It’s quite possible that Hughton’s team selection had changed from what it might have been, given the postponement of the Cardiff game. In the end ten of the players who started against QPR carried on here, with March replaced by Skalak. This was a change that looked to severely unbalance the side. Fulham pressed us in midfield, kept the ball themselves with some lovely slick passing and attacked time and again down our left. Twice Fulham created chances from dangerous diagonal balls on that side of the field. Skalak didn’t look like he knew whether to stick or twist, drawing Bong and Dunk out of position. When we did get it back – which wasn’t often – Fulham’s quick organisation closed our options down, restricting us to long, hit and hope passes. The odd time a simple line ball was on we misplaced it anyway, Bruno and Bong both guilty of poor passes early on. We simply were not at the races.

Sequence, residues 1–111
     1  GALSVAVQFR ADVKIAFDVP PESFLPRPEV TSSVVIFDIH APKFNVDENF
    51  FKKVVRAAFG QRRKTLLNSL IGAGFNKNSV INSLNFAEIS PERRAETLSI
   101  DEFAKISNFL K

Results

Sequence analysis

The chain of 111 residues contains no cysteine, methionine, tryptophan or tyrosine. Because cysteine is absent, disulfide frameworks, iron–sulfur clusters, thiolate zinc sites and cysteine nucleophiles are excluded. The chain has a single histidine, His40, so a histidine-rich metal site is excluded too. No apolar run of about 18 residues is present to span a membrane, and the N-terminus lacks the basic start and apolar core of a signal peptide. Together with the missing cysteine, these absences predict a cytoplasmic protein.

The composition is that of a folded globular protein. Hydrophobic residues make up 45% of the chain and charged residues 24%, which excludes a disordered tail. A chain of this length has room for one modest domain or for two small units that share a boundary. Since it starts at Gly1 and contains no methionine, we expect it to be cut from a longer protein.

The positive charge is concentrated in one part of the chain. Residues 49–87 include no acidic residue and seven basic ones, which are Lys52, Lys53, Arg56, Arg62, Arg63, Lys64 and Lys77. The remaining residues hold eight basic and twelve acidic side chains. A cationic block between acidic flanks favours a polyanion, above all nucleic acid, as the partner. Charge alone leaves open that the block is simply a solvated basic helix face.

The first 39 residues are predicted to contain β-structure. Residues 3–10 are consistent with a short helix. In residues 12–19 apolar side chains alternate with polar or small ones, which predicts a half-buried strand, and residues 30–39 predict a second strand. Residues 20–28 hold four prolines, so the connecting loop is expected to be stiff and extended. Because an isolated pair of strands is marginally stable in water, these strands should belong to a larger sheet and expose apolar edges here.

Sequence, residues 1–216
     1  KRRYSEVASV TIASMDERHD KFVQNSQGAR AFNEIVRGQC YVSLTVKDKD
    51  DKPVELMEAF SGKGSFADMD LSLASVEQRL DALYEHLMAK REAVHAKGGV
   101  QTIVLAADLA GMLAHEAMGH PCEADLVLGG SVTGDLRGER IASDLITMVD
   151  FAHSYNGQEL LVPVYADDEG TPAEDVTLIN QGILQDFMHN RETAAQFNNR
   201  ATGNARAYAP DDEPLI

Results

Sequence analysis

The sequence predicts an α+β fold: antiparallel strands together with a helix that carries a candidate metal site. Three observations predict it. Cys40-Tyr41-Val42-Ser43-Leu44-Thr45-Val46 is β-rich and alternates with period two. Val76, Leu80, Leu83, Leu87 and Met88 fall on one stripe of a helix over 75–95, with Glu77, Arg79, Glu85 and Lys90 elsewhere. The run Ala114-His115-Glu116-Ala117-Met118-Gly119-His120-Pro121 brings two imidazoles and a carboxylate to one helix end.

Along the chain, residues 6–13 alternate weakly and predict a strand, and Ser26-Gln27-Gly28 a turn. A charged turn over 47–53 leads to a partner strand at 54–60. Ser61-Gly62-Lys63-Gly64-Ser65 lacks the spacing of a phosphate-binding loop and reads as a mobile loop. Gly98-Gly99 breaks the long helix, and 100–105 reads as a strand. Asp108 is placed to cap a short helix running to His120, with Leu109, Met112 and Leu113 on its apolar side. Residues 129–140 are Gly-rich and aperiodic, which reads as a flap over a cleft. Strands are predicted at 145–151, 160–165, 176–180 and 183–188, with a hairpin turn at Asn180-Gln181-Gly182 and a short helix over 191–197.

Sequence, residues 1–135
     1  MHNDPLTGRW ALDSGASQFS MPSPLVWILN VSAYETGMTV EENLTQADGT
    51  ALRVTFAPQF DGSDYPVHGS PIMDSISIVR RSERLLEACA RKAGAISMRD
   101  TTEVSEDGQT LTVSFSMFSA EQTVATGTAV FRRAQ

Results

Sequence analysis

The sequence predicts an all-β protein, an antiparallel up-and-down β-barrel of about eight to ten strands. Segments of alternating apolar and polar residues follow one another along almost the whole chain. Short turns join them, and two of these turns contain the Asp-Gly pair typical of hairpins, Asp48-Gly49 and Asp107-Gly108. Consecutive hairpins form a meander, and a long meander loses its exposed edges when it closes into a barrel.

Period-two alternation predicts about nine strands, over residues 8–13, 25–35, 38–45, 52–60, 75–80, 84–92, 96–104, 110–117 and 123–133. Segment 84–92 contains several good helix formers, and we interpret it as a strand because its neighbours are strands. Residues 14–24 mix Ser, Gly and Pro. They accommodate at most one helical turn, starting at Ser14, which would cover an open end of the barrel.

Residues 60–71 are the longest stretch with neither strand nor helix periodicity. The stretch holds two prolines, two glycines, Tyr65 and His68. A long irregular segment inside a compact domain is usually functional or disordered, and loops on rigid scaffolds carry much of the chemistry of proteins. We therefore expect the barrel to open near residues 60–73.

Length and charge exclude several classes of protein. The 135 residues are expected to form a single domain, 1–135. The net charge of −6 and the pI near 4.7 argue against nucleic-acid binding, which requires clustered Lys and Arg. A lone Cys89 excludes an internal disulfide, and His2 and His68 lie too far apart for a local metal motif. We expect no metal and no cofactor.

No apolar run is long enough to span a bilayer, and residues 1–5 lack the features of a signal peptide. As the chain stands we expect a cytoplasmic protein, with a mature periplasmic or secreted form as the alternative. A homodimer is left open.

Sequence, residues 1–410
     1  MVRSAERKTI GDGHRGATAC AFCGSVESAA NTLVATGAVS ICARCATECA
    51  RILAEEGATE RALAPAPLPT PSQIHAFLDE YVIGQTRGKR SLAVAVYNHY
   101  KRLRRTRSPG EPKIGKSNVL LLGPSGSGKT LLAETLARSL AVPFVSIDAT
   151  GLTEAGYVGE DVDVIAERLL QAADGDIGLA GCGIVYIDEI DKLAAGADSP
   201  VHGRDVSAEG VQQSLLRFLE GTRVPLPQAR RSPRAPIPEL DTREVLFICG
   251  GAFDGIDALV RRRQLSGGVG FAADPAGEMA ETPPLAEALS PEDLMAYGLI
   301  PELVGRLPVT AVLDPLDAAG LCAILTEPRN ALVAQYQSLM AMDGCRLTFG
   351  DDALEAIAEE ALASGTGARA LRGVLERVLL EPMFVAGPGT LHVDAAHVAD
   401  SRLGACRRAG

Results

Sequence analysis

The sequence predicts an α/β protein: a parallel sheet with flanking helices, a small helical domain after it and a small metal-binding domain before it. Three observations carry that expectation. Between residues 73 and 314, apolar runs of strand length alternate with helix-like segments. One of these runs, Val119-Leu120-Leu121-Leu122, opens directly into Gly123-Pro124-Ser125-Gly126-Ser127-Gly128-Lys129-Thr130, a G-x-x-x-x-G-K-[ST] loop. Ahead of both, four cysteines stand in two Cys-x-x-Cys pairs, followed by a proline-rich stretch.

Inevitably Fulham created chance after chance and Stockdale was already earning his corn with a series of clawing grabs. Fulham’s best chance, though, came from a chance that seemed to have gone. A deep cross saw Smith hustled out of a header and the ball bounced to Bruno who had time to clear. However, he inexplicably controlled the bouncing ball with an arm to give away a clear penalty. Head in hands moment for the travelling masses. All except Steve who called it. “Stockdale will save this” he confidently asserted and he was right, our keeper guessing correctly and Johansen putting the penalty at a saveable height and distance from the corner. Bedlam in the away end.